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Thread: G25 results of Pinoys

  1. #21
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    Quote Originally Posted by J Man View Post
    I know that they all speak Tagalog since that seems to be the lingua franca of them all. There are a few from Luzon at my work as well. I can ask a few of them the next time that I see them at work if they can speak Malay or Indonesian.
    Yep thank you very much. I would expect the Muslim ones to know some Malay or Indonesian since they seem more culturally and religious closer to Indonesia and Malaysia than to their predominantly Christian neighbors to the north.

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  3. #22
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    Quote Originally Posted by drobbah View Post
    The Javanese samples don't really show any Yemeni or African ancestry (Hadhramawt is heavily Bantu admixed) which isn't superising since once the Yemenis established and initially intermarry they probably remained quite endogamous.There was an Indonesian user descended from the famous Hashemite Ba'alawi clan and he was if I recall correctly predominantly Arabian + Horner with significant SE Asian & minor South Asian ancestry yet his family has been in Indonesia for generations according to him.

    I do wonder why these Filipinos score Yemeni when there wasn't really much permanent Arab settlement over there.Perhaps this Yemeni ancestry was mediated by Malays from Borneo? But besides some Malay elites and royal houses I doubt that there was enough arab admixed Malays to impact the population.Either these samples are outliers from a specific muslim community or this is just noise imo.I am leaning toward the latter tbh
    Well it seems like around 2% of the Phils population or around 2.2 million have partial Arab ancestry: https://en.wikipedia.org/wiki/Arabs_...rab%20ancestry.

    You are right, these samples could come from a Moro/Muslim community in Mindanao or could be noise. If it is indeed noise, could these Arab affinities actually be Indian (Iran_N) or Spanish ancestry instead since these Filipinos also score them?

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  5. #23
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    Quote Originally Posted by Tsakhur View Post
    What is his background if you don't mind me asking? Maybe the Macedonian, Sardinian, Bosnian, French and Italian comes from his Spanish ancestry (assuming his Euro ancestry is Iberian since that the main source of Euro admixture in Pinos)?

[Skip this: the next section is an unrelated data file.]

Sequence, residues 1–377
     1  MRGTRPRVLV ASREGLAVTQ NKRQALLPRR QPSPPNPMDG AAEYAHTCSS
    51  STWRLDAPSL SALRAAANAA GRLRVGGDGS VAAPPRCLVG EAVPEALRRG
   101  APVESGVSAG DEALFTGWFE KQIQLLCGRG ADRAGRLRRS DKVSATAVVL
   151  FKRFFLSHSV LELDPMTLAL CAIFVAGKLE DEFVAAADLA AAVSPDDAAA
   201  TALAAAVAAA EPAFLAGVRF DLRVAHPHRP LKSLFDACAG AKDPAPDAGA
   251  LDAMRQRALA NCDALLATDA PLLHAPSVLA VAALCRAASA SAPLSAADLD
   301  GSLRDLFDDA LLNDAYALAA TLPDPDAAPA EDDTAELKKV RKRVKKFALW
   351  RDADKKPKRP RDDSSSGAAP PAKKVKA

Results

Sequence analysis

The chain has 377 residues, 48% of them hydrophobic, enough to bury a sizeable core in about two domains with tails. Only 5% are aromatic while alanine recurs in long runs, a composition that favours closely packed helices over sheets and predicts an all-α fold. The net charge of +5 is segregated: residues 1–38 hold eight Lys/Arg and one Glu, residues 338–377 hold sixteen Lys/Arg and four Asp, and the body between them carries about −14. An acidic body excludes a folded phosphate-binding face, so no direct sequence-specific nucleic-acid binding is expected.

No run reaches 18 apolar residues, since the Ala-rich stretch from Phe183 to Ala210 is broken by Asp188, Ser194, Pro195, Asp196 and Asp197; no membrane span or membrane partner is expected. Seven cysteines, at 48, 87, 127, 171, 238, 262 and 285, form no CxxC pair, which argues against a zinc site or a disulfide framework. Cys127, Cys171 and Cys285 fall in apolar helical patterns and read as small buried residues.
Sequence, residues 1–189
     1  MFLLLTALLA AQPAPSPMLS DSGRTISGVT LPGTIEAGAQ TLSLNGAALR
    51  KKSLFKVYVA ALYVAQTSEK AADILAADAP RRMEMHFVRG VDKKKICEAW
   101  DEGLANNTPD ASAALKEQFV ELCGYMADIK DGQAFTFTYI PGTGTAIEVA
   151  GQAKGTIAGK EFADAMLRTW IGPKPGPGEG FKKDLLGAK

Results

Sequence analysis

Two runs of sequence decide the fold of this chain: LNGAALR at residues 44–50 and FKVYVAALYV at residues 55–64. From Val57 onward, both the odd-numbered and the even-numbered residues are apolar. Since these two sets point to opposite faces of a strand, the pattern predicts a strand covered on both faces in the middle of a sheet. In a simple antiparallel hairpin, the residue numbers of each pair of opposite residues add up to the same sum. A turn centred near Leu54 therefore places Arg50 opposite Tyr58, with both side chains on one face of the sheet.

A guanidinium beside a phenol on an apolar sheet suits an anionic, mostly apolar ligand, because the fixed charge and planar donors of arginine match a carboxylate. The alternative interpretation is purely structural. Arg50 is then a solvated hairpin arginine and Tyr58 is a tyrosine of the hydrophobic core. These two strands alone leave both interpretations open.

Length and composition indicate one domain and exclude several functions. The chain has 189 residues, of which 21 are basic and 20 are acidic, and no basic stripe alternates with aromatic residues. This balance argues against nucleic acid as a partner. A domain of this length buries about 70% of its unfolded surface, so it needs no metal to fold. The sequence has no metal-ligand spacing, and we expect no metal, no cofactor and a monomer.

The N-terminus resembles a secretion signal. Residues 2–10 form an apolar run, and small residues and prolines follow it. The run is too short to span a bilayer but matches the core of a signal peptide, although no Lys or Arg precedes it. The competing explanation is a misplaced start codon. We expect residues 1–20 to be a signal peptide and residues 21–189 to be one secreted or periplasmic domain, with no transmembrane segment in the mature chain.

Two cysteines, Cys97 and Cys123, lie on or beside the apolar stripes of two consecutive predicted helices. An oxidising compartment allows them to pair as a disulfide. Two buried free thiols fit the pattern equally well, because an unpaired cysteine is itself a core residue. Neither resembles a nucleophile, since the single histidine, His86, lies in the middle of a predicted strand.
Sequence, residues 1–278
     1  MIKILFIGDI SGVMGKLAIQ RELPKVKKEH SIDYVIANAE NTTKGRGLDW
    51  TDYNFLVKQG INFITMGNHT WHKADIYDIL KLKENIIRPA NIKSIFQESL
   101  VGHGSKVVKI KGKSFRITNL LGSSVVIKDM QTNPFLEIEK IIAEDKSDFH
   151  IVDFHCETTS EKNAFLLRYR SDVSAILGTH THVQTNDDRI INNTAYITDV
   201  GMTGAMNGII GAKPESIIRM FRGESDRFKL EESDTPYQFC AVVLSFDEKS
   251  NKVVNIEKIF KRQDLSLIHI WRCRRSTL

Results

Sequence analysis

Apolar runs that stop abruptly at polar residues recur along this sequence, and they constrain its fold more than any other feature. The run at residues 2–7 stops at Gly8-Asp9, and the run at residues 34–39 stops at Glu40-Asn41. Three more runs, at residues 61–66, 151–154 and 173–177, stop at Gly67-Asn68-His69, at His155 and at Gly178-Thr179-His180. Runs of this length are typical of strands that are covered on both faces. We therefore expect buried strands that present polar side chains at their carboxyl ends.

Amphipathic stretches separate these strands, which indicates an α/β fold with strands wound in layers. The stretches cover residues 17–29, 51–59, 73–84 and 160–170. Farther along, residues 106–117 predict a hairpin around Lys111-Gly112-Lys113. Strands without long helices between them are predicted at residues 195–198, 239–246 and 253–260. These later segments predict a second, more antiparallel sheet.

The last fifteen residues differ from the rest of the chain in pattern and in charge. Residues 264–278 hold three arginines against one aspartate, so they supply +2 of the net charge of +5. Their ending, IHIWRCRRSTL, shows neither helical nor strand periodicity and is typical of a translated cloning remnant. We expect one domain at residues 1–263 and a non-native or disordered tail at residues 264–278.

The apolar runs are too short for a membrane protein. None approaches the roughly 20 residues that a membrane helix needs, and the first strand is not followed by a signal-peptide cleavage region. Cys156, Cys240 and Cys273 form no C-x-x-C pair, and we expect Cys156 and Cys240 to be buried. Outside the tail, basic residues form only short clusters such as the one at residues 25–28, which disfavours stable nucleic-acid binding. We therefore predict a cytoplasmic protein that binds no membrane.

I don't know, but he's clearly tied to the Mediterranean, maybe in more than one way, along more than one line. I'm pretty sure some of the ancestry is converso and/or morisco.
    R1b>M269>L23>L51>L11>P312>DF19>DF88>FGC11833 >S4281>S4268>Z17112>BY44243

    Ancestors: Francis Cooke (M223/I2a2a) b1583; Hester Mahieu (Cooke) (J1c2 mtDNA) b.1584; Richard Warren (E-M35) b1578; Elizabeth Walker (Warren) (H1j mtDNA) b1583;
    John Mead (I2a1/P37.2) b1634; Rev. Joseph Hull (I1, L1301+ L1302-) b1595; Benjamin Harrington (M223/I2a2a-Y5729) b1618; Joshua Griffith (L21>DF13) b1593;
    John Wing (U106) b1584; Thomas Gunn (DF19) b1605; Hermann Wilhelm (DF19) b1635

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    Quote Originally Posted by Dewsloth View Post
    I don't know, but he's clearly tied to the Mediterranean, maybe in more than one way, along more than one line. I'm pretty sure some of the ancestry is converso and/or morisco.
    Does he have any documentation or genealogy of his family background?

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    Quote Originally Posted by Tsakhur View Post
    Does he have any documentation or genealogy of his family background?
    Nothing yet that helps much.
    R1b>M269>L23>L51>L11>P312>DF19>DF88>FGC11833 >S4281>S4268>Z17112>BY44243

    Ancestors: Francis Cooke (M223/I2a2a) b1583; Hester Mahieu (Cooke) (J1c2 mtDNA) b.1584; Richard Warren (E-M35) b1578; Elizabeth Walker (Warren) (H1j mtDNA) b1583;
    John Mead (I2a1/P37.2) b1634; Rev. Joseph Hull (I1, L1301+ L1302-) b1595; Benjamin Harrington (M223/I2a2a-Y5729) b1618; Joshua Griffith (L21>DF13) b1593;
    John Wing (U106) b1584; Thomas Gunn (DF19) b1605; Hermann Wilhelm (DF19) b1635

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    Quote Originally Posted by Tsakhur View Post
    Well it seems like around 2% of the Phils population or around 2.2 million have partial Arab ancestry: https://en.wikipedia.org/wiki/Arabs_...rab%20ancestry.

    You are right, these samples could come from a Moro/Muslim community in Mindanao or could be noise. If it is indeed noise, could these Arab affinities actually be Indian (Iran_N) or Spanish ancestry instead since these Filipinos also score them?
    The source of that claim is the Filipino ambassador to Jordan.I think he made up that number for diplomatic purposes. Here are the Malays & Javanese in comparison:
     




    Besides two Malay samples with Yemeni ancestry it is mostly absent same goes for the Javanese.These were places more frequented by Muslim traders from the Western Indian Ocean than the Philipines.

    Here's Indonesian with a possible Horner (Somali?) or Horner admixed Arab ancestor
    Code:
    Target: Pantar22:GRC11053207
    Distance: 2.6093% / 0.02609313
    46.8 Papuan
    38.8 TON_2500BP
    9.0 LAO_BA
    2.2 Han
    1.4 SUDANESE7
    1.0 LAO_LN_BA
    0.8 Yemeni




    The 23&me result of that Indonesian Ba'alawi user.
     
    Target: Drobbah_scaled
    Distance: 5.8697% / 0.05869706
    53.4 SUDANESE7
    21.0 Saudi
    20.4 Levant_PPNB
    5.2 ETH_4500BP

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  12. #27
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    Quote Originally Posted by okarinaofsteiner View Post